When gay Sailor was outed, he found his Navy buddies had his back

In April 2015, I was heading back to my quarters at the naval base in Pensacola, Fla. I was on a high, riding my motorcycle back to base after spending the night with a guy I seeing.

I suddenly felt a lot of vibrations and it wasn't a bumpy road. It was the phone in my pocket, buzzing with Instagram messages.

"Explain this," one said. "Curnick, are you gay? Don't lie to us," said another.

My heart pounding, I pulled over to the side of the road. One of my friends had been going through my Instagram photos and found one of me with another guy on the back of my motorcycle. Their messages wanted to know the truth. I realized my biggest fear had come to fruition.

I was alone at the time and in tears, and I decided to come clean — yes, I'm gay, I told them. The reactions started coming in and, to my relief and surprise, they were overwhelmingly positive. While I did lose a few friends, the ones closest to me became even closer, because I no longer had to lie about who I was and for the first time they knew what was really going on in my life. Pensacola will always hold a place in my heart for changing me in the way it did.

After I came over that final hurdle, I began to live openly, and my life as a gay man flourished. That's not to say everyone in the military is supportive. This past spring, in combat training before my deployment to Afghanistan, someone found out I was gay, walked up to me and said, "I'm glad I'm not deploying with you, I wouldn't trust a fag with my life." This despite the fact I was one of the better marksmen and performers in my class. I use comments like that to fuel my fire to succeed in everything that I do.

If you're wondering why a Sailor is writing a story for Outsports it's because I have been a water polo player in high school and college and still play competitively. I am now in the U.S. Navy, serving in Afghanistan. I have lived in two countries, four states and on both coasts of the U.S.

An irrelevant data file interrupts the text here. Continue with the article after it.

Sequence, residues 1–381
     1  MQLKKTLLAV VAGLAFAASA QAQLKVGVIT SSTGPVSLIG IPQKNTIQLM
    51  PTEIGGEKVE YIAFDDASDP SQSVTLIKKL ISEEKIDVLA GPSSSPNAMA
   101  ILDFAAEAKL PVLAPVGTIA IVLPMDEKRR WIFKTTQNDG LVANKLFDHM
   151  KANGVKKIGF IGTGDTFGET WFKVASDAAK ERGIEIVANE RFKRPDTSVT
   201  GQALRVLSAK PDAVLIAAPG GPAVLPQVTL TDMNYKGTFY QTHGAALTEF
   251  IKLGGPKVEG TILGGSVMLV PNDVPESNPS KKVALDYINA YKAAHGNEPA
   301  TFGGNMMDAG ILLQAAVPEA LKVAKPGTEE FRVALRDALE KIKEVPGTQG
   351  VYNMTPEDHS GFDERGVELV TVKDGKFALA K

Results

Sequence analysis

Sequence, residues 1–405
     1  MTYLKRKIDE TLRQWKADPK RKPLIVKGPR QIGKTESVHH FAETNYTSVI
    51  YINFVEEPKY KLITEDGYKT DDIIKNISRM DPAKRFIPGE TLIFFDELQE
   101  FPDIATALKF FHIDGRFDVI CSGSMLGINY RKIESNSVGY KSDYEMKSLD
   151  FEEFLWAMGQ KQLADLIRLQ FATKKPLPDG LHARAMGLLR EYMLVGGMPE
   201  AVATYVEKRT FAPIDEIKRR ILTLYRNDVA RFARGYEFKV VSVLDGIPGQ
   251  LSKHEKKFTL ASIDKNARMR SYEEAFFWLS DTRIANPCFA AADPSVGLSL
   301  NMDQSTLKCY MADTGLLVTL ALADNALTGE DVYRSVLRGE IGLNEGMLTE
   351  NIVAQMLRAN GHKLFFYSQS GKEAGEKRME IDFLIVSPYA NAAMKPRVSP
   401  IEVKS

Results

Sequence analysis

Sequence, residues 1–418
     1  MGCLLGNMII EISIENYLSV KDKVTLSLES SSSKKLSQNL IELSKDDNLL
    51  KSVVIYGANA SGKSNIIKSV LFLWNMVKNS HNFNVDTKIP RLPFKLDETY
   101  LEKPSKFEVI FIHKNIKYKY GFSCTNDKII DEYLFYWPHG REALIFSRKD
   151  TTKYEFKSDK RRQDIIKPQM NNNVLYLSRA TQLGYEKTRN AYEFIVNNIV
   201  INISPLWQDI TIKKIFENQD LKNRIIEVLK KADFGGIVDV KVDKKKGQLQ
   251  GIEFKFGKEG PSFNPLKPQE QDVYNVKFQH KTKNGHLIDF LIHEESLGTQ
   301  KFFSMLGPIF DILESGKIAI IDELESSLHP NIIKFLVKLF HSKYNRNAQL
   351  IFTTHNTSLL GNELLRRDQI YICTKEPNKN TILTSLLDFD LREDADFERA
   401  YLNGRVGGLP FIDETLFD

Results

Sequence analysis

I grew up in a medium-size conservative town in Southern California. I started playing water polo in 7th grade, eventually playing at Great Oak High School in Temecula. My life got interesting after high school. When I was 18 I moved halfway around the world to Madrid, Spain, to attend college and play water polo at an elite level. After a year in Spain I returned to Southern California where I played water polo for another year at Palomar College.

I didn't come out until I was almost 21. I grew up thinking that being gay was wrong — that being gay meant you fit a stereotype. It meant that you were a pathetic, weak, purse-toting excuse for man. I now know that's not the case.

The day I first came out to anyone in February 2014 was the most emotional experience of my life. My hands were shaking and voice was cracking. I lived in Florida at the time, and my two best friends — both girls — were at college in different parts of the country and my family was in California. I was scared. I sent my two friends a group text. They responded with nothing but love and affection. One of them even Face-timed me, and saw me in tears, right next to the guy I was dating at the time.

Next up was my mom. She was at work, so I sent her a text: "Mom, I have something to tell you ... I'm gay." She immediately called, telling me how much she loved me. She had asked me many times growing up if I was gay, but being afraid of who I was, I never could admit it... Continue reading.

This has been reposted from Outsports.